It’s Not All Bad

If you ever feel that your children’s sibling rivalry or constant quarreling has gotten out of control, simply give them a cause that will unite them. The most expedient and foolproof method of bringing them back together as one happy litter is to inspire them to join forces against their parents.

One night over dinner, our three children, who were all in high school and middle school at the time, had finally heard enough from their mother and father. They were tired of hearing about the latest article implying that their generation, due to social media, would have attention spans equal to a mere fraction of their forebears’ concentration. They were tired of hearing how their communication through written and spoken word had been reduced to characters in a text, and they didn’t want to hear that they were less likely, than previous generations, to stick with a problem until it was solved. They almost rose out of their seats and tossed the table on its side when they had finally reached their saturation points.

Unknowingly, their father and I had pushed and nudged them with our well-meaning descriptions of the way it used to be when we were growing up. Things were simpler, we had opined, when only the kitchen phone was on the wall and a clearly defined need for spoken words when communicating with a friend. We meant well, I’m sure. Our intention was to carry the torch to the next generation so that our children would always connect in person rather than through on-line chats, and write in paragraphs rather than tweets. My son hit his limit first, and I have never seen his two sisters stand by him with such solidarity as they did that night. “Stop telling us that! We can’t help when we were born! We are doing the best we can, and this is the world you brought us into!” Stunned to learn that they were not only listening, but taking these messages to heart, I realized that we sometimes forget to point out all of the things that are actually better today than they were when we were teens. Not everything has gone to pot.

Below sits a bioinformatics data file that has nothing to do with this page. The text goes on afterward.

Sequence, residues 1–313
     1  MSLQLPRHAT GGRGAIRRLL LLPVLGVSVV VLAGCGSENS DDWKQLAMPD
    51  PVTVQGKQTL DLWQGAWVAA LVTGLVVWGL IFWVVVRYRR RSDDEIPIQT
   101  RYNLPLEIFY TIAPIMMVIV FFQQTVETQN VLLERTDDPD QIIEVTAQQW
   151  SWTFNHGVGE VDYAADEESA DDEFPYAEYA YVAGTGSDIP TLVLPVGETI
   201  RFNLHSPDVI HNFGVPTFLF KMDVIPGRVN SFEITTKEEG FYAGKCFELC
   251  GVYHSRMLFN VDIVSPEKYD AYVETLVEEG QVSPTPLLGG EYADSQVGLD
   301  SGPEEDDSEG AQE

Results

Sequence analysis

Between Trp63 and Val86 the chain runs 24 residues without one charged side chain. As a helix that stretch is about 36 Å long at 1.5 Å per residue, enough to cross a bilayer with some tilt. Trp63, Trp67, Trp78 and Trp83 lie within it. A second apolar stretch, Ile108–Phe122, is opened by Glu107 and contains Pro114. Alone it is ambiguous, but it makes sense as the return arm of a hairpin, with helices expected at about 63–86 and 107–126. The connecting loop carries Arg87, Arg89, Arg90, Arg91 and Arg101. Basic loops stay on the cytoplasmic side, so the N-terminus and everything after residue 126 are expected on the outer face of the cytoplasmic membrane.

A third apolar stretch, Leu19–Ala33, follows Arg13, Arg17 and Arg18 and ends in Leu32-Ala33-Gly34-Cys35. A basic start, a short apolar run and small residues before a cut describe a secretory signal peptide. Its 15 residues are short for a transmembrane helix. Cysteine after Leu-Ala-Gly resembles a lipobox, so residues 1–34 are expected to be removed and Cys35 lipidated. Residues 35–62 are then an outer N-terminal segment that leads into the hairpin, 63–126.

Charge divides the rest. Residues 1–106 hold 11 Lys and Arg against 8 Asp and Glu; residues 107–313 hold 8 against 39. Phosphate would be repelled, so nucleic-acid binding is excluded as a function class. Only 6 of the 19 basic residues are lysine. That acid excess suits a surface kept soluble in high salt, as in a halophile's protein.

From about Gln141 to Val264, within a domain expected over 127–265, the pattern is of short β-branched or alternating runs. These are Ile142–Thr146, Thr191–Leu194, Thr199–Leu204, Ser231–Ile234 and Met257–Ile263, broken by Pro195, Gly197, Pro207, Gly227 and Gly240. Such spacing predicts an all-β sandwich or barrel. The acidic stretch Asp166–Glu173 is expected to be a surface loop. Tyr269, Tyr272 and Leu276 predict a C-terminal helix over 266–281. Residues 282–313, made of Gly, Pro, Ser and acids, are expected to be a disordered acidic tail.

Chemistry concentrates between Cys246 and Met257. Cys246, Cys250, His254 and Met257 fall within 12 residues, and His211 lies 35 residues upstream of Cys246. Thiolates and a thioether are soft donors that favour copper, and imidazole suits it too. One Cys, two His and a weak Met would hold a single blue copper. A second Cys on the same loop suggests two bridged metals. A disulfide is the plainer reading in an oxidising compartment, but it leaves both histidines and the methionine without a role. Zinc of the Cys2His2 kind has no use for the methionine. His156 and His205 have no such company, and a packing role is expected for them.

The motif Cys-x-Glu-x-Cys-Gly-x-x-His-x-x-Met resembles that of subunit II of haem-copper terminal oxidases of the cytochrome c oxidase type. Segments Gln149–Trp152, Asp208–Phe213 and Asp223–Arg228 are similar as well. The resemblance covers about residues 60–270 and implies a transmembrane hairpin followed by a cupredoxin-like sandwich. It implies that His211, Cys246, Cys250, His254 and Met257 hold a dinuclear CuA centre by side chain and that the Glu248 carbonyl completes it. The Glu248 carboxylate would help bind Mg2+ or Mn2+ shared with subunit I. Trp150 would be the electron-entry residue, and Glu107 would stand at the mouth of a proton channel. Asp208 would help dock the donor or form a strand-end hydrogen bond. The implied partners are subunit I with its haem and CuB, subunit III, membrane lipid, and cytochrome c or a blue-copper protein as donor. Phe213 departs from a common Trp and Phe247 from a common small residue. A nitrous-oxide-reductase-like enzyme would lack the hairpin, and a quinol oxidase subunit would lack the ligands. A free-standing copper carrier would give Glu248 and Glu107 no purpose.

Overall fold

The children of this generation are so much more aware of the global world around them. They know people from different backgrounds, cultures, and religions, and they are intrigued by them, not fearful or disdainful of them. In 2015, it is not okay to tell a joke at the expense of someone else, and especially not at the expense of an entire group of people.   Middle school and high school students can still be unkind to other students, but it is not tolerated in the way it used to be. We no longer look the other way. Our children are more aware of the environment and their generation’s responsibility to protect it. Yes, there is still risky teenage behavior out there, but parents are not so oblivious to it. We are more likely to talk to our children about our expectations, and more likely to do it in an informed way.

This generation does not always gather, process, and articulate their information in the same way we did, but it seems to work. As far as I can tell, the students with whom I have the privilege of working are sensitive, caring, and thoughtful. They still connect with their teachers and with each other. They know how to question an invalid argument, and they know how to fight for a cause, when it is the right one. Most heartening may be that their capacity for empathy has not been diminished, even without the kitchen phone on the wall with that long curly cord.

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